The chief executive of E.On, Tony Cocker, declares himself “devastated” by the mis-selling scandal that has hit his company. E.On has been given a £12m penalty by Ofgem for the offence; Mr Cocker is to have his bonus cut by 25 per cent. While those penalties will hurt, a bit, they are not proportionate to the betrayal of vulnerable customers E.On has admitted to. If such things are designed to be a deterrent, one wonders how many of the energy giants will be quaking in their shoes. They have made far too much money from conning customers on the doorstep and over the phone to be too concerned about a few million here or there.
Of course, many of the customers E.On has abused will change supplier. But the problem in the energy market is structural, and successive governments have failed to tackle it.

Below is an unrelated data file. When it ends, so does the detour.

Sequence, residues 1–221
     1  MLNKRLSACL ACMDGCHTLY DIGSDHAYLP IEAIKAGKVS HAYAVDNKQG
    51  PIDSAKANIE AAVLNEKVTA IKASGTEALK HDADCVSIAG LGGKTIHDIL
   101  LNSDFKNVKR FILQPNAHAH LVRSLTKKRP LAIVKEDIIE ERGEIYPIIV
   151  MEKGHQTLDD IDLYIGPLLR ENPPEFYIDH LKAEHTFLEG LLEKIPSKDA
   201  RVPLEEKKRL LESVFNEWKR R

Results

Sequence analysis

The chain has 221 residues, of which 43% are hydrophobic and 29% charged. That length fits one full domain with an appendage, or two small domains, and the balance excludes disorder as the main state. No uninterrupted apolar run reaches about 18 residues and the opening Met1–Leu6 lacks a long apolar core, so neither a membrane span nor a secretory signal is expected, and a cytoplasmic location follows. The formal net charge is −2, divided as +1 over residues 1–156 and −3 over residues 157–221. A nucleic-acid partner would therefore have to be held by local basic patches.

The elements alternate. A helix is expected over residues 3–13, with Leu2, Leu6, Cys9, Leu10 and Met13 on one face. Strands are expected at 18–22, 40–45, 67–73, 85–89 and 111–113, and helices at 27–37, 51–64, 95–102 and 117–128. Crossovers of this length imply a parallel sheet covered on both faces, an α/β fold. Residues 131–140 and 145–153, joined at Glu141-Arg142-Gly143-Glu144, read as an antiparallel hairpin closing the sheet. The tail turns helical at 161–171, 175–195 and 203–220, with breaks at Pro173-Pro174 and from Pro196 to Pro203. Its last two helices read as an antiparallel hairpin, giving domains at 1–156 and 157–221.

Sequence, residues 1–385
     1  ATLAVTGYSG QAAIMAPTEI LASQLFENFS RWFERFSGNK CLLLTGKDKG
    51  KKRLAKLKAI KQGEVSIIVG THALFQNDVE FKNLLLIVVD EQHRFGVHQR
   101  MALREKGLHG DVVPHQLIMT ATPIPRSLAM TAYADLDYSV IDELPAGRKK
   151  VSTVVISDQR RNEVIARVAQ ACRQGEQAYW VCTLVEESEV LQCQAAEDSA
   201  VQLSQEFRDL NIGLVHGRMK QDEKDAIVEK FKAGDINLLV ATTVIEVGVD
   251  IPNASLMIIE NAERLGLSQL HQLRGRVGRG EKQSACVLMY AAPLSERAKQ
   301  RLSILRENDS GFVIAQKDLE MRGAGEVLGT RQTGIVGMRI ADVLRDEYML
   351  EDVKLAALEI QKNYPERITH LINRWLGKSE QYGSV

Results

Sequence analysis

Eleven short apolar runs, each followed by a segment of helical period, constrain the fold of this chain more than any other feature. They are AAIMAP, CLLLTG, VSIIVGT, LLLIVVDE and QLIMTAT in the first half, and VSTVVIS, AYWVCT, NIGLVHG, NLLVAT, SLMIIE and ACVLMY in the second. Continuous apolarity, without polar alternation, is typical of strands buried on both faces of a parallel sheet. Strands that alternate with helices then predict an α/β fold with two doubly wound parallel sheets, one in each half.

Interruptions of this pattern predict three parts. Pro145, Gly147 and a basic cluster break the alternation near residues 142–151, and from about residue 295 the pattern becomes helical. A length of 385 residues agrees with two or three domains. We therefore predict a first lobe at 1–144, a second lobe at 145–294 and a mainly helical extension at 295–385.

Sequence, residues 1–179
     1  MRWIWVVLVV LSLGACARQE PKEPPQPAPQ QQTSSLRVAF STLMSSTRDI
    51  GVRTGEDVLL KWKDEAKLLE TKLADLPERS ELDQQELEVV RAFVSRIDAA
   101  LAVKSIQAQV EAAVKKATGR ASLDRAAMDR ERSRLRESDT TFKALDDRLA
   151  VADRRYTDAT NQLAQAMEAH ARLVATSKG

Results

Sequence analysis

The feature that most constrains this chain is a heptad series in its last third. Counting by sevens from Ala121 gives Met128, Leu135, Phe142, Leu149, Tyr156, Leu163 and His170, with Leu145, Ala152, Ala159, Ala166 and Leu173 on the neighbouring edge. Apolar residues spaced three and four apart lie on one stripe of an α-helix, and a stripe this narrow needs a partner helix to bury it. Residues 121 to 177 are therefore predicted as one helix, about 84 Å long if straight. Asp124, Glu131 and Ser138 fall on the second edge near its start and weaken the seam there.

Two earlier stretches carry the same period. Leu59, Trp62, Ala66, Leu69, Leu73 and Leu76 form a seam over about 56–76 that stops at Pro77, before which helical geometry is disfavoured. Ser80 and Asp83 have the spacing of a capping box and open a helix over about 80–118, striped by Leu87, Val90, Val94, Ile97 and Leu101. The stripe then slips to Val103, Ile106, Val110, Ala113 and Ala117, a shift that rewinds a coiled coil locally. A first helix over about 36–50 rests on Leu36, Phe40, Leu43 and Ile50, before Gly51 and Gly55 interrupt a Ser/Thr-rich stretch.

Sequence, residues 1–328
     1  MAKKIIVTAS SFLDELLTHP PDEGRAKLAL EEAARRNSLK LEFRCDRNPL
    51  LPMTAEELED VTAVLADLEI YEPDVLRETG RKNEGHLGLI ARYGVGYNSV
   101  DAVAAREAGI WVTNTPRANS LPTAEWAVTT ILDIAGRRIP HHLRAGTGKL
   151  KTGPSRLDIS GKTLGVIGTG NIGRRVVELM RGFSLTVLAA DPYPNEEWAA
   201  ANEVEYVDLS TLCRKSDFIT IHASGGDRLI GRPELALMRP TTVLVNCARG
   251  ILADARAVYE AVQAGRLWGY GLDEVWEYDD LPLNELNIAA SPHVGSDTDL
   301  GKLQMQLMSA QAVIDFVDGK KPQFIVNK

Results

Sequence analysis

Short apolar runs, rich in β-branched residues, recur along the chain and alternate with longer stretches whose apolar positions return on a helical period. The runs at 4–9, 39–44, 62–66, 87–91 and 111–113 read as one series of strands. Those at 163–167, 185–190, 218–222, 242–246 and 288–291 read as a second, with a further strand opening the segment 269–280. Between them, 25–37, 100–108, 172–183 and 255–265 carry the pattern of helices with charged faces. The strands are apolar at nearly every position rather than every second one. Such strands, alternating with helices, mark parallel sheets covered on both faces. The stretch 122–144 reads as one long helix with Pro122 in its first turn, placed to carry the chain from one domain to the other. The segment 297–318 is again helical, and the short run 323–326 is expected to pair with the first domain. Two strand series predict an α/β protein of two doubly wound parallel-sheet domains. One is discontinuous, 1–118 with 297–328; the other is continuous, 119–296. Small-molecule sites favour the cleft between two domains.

The market needs radical reform, and soon. Too many companies have become “vertically integrated”, in the jargon – buying and selling gas and electricity between different arms of the same company, stifling competition. The structure of charges, though simpler than it was, is not comprehensible enough to those who can least afford to be ripped off.
Energy costs are high because the world demand for energy is high, but they may not have to be as high as they are in Britain. Companies refused to pass on the savings to customers when David Cameron cut green levies last year, for one. And with the Big Six moving prices in unison, and usually up, it looks, feels and sounds like a rigged market; if it is not in effect an oligopoly, then no government agency has yet demonstrated that that is the case.
Rightly, energy bills should be a political issue in the approach to the general election. Ed Miliband’s idea of a freeze on energy prices is economically senseless, but the party that does propose a reform to make the energy markets more transparent will find itself in receipt of many grateful votes, and not only from E.On customers.Reuse content